Sep 18, 2003
Nanowires line up for plastic electronics
Scientists from Nanosys, US, have used semiconductor nanowires and nanoribbons to make thin-film transistors with good electrical performance. By separating the growth of the nanowires and ribbons from the substrate-coating process, the team was able to apply the nanomaterials at room temperature to both silicon and plastic substrates.
“We have made a general conceptual breakthrough by taking nanoelectronics in a new direction: exploiting nanomaterials not for electronic miniaturization, but for better and cheaper electronics over large areas,” researcher Xiangfeng Duan told nanotechweb.org. “We have assembled nanowires into densely packed oriented thin films that we can subject to conventional electronic fabrication processes. Since only conventional electronic fabrication processes are used, our technology may lead to the first practical and scalable nanomaterial-enabled electronics.”
To create a nanowire thin-film transistor, the scientists grew p-type silicon nanowires by catalytic chemical vapour deposition. Then they dispersed the wires into solution and used flow-directed alignment to assemble them on the substrate surface at room temperature. This created an oriented monolayer of nanowires with an average interwire spacing of 500-1000 nm, over areas as large as a four-inch wafer. Finally, Duan and colleagues used standard lithography followed by metallization to define source and drain electrodes for the thin-film transistor.
“In amorphous silicon or polycrystalline silicon thin-film transistors, carriers have to travel across multiple grain boundaries, but nanowire thin-film transistors have a perfect conducting channel formed by multiple single-crystal nanowire paths in parallel - like a log bridge,” explained Duan. “This ensures single-crystal carrier paths all the way across the source and drain electrodes, for high carrier mobility. We have demonstrated silicon nanowire thin-film transistors with a carrier mobility of about 100 cm2/Vs - far better than the current macroelectronic technologies of amorphous silicon or organic electronics, which typically have a mobility of less than 1 cm2/Vs.”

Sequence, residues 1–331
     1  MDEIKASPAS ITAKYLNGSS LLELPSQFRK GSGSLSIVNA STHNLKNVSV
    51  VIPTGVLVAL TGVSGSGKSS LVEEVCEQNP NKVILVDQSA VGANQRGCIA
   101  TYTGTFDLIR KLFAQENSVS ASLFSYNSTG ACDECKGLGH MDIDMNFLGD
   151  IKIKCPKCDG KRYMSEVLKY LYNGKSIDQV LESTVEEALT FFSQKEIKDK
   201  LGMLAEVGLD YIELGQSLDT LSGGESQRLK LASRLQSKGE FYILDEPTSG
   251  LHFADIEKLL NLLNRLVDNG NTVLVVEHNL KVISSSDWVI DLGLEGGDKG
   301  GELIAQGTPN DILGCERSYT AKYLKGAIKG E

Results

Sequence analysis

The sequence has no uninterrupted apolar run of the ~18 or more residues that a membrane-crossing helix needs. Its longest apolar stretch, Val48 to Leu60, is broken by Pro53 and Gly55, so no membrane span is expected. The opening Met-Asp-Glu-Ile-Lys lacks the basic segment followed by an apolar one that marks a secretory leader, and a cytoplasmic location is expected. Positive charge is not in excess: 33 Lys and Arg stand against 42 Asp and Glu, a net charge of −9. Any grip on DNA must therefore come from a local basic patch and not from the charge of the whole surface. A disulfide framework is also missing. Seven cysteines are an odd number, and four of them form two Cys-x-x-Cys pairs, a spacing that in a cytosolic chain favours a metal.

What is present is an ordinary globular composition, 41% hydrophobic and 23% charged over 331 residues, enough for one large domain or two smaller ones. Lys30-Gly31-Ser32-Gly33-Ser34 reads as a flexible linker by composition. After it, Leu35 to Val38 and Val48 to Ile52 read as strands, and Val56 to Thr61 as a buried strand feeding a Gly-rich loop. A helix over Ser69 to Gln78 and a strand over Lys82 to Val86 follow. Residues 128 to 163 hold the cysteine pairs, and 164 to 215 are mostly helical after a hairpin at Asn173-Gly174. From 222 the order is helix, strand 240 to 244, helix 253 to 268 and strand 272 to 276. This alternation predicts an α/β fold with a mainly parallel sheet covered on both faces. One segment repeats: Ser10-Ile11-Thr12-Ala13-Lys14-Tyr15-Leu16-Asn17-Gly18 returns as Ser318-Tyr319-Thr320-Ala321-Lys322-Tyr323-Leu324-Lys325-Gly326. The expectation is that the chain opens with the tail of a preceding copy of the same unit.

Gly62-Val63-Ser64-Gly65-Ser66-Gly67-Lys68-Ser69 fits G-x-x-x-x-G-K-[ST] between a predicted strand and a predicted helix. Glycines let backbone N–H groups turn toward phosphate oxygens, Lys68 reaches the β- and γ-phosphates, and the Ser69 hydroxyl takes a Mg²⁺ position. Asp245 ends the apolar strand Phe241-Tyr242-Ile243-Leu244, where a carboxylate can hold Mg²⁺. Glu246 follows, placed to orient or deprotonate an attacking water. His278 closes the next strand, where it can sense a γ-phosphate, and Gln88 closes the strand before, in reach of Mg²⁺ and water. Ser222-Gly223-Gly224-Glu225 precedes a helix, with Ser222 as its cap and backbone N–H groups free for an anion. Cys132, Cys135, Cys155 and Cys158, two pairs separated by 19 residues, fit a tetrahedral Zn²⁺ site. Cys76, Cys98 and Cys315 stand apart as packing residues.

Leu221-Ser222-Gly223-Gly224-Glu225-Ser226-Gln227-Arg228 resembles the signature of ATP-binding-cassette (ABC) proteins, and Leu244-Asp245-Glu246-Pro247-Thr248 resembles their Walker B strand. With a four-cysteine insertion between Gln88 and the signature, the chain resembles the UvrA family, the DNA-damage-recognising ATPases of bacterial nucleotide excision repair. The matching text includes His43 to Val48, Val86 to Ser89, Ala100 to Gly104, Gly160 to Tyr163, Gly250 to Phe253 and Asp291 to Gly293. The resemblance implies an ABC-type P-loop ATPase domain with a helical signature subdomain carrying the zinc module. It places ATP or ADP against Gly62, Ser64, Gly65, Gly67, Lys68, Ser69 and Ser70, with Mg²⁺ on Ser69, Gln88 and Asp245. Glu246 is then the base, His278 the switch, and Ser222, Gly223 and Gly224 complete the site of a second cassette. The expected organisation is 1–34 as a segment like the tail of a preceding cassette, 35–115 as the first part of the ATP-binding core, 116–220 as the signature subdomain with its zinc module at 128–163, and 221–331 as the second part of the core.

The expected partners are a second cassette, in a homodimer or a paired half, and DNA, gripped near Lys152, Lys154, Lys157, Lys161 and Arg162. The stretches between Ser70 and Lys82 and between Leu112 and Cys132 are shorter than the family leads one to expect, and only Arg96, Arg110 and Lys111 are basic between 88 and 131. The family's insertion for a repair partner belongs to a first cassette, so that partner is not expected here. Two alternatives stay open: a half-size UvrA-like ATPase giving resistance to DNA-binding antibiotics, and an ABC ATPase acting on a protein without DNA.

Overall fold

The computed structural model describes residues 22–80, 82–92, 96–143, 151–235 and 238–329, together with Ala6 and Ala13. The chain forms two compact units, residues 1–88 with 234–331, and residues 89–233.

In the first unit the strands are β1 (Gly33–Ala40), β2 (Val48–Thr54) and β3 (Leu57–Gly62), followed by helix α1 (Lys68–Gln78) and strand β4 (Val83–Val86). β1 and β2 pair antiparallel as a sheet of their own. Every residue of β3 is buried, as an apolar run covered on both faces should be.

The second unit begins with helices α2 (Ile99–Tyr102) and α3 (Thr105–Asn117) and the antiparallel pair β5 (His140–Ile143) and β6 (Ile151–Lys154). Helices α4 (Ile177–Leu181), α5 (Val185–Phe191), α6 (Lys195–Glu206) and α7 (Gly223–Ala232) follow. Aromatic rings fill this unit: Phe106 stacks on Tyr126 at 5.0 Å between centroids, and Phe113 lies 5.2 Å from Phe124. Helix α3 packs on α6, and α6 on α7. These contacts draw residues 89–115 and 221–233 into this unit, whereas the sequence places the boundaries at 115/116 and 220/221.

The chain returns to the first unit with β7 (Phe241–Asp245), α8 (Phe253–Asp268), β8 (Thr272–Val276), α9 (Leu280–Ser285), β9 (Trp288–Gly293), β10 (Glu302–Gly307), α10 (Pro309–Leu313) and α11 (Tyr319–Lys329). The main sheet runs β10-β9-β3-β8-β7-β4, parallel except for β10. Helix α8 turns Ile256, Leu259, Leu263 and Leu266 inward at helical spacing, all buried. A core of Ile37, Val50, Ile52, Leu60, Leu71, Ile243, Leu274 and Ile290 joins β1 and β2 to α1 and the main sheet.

What’s more, the technique can exploit a broad range of substances as the channel material, including III-V and II-VI group semiconductors. As an example, Duan and the team made a thin-film transistor on a silicon substrate from single-crystal nanoribbons of CdS, a material that has useful optical and electrical properties.
The team also made a silicon nanowire thin-film transistor on a plastic substrate, namely polyetheretherketone (PEEK). The transistor had a threshold voltage of about 3 V, an on-off ratio above 105, and a subthreshold swing of 500-800 mV per decade, values that the researchers claim are among the best reported for thin-film transistors on plastic. Slight flexing of the plastic did not significantly affect the device’s properties.
“Our work has the potential to move electronics from single-crystal substrates to glass and plastic substrates, and to integrate macroelectronics, microelectronics - and potentially nanoelectronics - at device level,” said Chunming Niu, director of chemistry at Nanosys. “[The technology] can impact a broad range of applications in macroelectronics, from flat-panel display (e.g. driving circuitry for OLED displays), radio-frequency identification/communications, and systems on a panel, to a whole new range of universal wearable, disposable computing and storage electronics. It could also enable ‘smart textiles’ or ‘electronic paper’.”
The researchers reported their work in Nature.
About the author
Liz Kalaugher is editor of nanotechweb.org.